Talk To Your Baby 2019


Please click here for information relating to the National Literacy Trust event – Talk To Your Baby 2019, which takes place in Manchester on January 21 2019.


The conference will explore the arrival of early years as a national priority, looking at the critical window of opportunity from conception to age two for language acquisition.  There will be a focus on the interplay of cognitive development and environment – home and early years settings – and how local activity, the latest research and key policy issues play into this dynamic.


Speakers announced so far are:


  • Cerys Griffiths, BBC: BBC’s early years strategy
  • Professor Ludovica Serratrice, University of Reading: Language of babies in bilingual families
  • National Literacy Trust Manchester Team: Activity in early years setting in Greater Manchester
  • Nick Skinner and Jenny Tosh, London Borough of Enfield: Singing to your baby
  • Professor Elizabeth Meins, University of York: “Mind-mindedness” and child development


The early bird rate of £175 has been extended until 19 October – book now.


Play Matters – Playing Outdoors


Playing Outdoors is critically important for children of any age and we encourage you to read the second Play Matters briefing paper which focuses on just that! Children growing up today are experiencing decreasing opportunities to play independently outdoors and this paper explores the reasons why, considers the benefits of playing outdoors for children and offers some simple thoughts and suggestions to helping encourage outdoor play.


You can view the Playing Outdoors briefing on the Department of Education’s website at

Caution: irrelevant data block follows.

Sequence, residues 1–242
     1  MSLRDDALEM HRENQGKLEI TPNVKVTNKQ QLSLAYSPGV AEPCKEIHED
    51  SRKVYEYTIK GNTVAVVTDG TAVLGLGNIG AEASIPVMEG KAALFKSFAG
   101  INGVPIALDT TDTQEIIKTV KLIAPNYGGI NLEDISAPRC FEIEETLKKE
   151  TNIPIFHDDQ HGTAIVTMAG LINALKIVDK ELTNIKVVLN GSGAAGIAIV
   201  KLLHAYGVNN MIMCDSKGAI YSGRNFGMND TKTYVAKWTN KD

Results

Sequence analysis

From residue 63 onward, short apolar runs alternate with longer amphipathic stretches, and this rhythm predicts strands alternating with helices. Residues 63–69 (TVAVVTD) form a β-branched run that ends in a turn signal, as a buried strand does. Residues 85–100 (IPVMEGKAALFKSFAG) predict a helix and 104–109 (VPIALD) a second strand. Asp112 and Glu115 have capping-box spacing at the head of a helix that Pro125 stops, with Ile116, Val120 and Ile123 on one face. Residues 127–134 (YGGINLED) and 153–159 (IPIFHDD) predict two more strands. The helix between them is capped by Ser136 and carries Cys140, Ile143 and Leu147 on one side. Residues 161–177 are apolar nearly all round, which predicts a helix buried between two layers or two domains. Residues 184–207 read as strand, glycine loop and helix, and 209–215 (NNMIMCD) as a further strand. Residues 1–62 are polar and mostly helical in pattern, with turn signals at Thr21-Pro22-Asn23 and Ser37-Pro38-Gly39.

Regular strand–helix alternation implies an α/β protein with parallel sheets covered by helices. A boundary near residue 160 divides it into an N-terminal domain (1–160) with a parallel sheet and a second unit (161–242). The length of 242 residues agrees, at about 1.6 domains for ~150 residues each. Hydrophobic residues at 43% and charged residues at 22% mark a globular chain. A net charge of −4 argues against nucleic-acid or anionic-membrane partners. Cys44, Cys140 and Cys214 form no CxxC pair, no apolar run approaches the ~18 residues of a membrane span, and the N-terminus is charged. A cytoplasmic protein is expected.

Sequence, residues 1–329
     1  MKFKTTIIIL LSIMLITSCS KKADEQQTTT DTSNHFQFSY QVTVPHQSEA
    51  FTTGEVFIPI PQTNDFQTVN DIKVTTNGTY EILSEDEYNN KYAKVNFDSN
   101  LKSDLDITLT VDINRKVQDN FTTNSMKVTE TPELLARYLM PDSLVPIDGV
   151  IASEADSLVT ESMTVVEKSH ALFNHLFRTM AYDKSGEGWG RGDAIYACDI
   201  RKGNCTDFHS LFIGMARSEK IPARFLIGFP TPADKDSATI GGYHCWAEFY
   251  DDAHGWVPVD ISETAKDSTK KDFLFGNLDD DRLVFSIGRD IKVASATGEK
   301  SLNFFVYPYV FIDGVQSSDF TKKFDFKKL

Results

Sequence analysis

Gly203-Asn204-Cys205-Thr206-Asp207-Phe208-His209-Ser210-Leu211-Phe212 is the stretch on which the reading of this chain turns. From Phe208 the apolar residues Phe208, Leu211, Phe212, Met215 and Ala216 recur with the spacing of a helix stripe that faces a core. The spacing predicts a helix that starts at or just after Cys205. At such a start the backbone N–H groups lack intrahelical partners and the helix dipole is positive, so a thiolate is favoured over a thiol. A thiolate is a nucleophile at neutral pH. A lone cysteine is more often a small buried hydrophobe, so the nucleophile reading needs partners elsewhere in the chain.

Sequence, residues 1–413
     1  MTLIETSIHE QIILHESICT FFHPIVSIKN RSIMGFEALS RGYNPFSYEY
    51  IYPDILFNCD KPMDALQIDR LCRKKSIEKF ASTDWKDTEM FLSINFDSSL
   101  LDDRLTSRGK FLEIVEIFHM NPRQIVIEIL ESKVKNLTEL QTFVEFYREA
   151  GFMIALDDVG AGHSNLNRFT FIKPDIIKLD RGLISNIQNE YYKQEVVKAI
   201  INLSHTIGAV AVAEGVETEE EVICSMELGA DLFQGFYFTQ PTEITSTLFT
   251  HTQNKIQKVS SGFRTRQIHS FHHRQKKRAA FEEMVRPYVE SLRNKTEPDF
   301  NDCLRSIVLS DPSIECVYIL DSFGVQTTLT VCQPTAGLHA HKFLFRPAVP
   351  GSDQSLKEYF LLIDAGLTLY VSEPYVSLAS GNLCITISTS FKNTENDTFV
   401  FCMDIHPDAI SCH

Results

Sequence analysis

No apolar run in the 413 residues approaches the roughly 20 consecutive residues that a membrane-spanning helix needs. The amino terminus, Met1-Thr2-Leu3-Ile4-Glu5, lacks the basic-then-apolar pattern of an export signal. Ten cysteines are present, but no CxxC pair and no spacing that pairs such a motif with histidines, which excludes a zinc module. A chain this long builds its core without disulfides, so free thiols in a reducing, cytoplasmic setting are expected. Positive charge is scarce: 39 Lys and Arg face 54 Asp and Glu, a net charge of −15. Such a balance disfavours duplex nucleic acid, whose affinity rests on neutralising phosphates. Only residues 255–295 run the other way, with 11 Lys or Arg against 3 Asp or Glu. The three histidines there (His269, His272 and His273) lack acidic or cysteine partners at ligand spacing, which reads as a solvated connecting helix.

Employers for Childcare Annual Childcare Cost Survey – Have your say


Employers for Childcare have just launched their ninth Annual Childcare Cost Survey and would be grateful for input from parents, guardians and childcare providers.


The survey explores the cost and provision of childcare and how this impacts on families but also the cost and provision of childcare from the perspective of childcare providers. It is the most extensive study of its kind in Northern Ireland and is widely used to inform political debates and policy development in relation to the affordability of childcare, and service delivery – and we hope will continue to be useful to the work of the Childcare For All campaign moving forward.


Last year’s results showed the average weekly cost of a full-time childcare place was £168, almost 40% of average household income.  Yet at the same time, while 59% of childcare providers reported they were just breaking even or making a loss, the majority (77%) had chosen not to increase their fees.  This it is anticipated the survey will emphasise how essential the childcare infrastructure is to parents here whilst highlighting how the ongoing strain of rising living costs such as food, clothing and heating, coupled with the cost of childcare, can impact negatively on families. This year, Employers for Childcare are also interested in finding out more about the experiences of families who rely on grandparents to provide childcare.


The survey can be found here – :


You can also find it on twitter and facebook: